I’ve started to add more balance to my life–although it’s not easy. I know that it is important for the longevity of my career and to nourish my relationships. Now, instead of being a hermit, I answer the phone when my brother calls, give my girlfriend the complete attention that she deserves and involve myself more in what is going on around me. My mom still thinks I’m crazy–but I don’t think I’ll be able to change that.
Pay it Forward: We are nothing without the help we receive. I’ve asked busy people a lot of questions and they have always found the time to answer me. People have connected me with other people just because they thought it could help me. The list could go on for another 1000 words. Without question, the self-less action of others on my behalf has gotten me where I am today.
I’m sure that you can relate. People have given to you without expecting anything in return. Indubitably, someone has lent you a buck when you were short, a coach has pulled you aside and put you on a better path and people you don’t even know have given you kindness. It’s what makes the world a better place.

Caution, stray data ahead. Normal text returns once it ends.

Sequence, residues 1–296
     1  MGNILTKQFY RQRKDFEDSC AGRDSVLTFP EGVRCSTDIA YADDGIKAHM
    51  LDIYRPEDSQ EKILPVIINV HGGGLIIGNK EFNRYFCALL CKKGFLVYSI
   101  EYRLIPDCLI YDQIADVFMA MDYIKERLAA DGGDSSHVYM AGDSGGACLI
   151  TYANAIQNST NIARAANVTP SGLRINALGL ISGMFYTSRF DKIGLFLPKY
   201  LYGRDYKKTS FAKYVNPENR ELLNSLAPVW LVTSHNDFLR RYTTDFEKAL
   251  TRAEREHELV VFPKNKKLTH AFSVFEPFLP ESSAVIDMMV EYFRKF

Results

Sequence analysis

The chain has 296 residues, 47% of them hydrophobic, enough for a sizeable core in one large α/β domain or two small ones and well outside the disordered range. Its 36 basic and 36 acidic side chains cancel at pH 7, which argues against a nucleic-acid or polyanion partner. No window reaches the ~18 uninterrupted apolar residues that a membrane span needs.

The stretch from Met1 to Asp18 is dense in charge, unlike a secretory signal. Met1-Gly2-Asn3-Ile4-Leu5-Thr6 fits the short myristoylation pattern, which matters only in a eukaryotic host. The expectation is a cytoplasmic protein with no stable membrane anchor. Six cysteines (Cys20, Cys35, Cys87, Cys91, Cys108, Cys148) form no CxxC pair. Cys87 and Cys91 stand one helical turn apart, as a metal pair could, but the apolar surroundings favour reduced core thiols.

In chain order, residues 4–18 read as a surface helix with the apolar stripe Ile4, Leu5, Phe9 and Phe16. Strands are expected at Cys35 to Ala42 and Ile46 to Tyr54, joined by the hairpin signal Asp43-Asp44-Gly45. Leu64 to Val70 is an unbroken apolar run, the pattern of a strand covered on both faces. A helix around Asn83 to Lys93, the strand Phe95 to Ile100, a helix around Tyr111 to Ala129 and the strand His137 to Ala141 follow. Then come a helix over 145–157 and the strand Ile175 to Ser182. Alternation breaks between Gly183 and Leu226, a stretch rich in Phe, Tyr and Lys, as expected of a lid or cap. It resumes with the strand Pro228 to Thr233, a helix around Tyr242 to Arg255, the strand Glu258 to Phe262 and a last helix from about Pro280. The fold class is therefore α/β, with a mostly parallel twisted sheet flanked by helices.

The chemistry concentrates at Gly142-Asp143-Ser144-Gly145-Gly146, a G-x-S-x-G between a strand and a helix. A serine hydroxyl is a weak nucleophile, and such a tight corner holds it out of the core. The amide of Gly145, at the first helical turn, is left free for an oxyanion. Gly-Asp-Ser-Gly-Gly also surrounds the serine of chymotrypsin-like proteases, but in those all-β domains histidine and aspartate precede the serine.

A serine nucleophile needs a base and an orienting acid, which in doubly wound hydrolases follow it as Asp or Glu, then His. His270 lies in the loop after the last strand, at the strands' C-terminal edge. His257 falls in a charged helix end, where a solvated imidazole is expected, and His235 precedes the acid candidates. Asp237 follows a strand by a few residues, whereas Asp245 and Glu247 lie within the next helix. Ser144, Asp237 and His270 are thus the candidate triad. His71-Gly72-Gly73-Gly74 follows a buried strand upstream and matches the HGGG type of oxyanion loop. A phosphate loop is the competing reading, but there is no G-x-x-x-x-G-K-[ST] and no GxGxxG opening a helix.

It’s our obligation to extend the help that we’ve received to others. I follow a simple motto: If you can help, do something. Please, steal my motto and use it as your own.
These are just a few lessons that I’ve learned about the fitness industry and the world at large. Not surprisingly, there are a lot of parallels. Hopefully my experience can help you.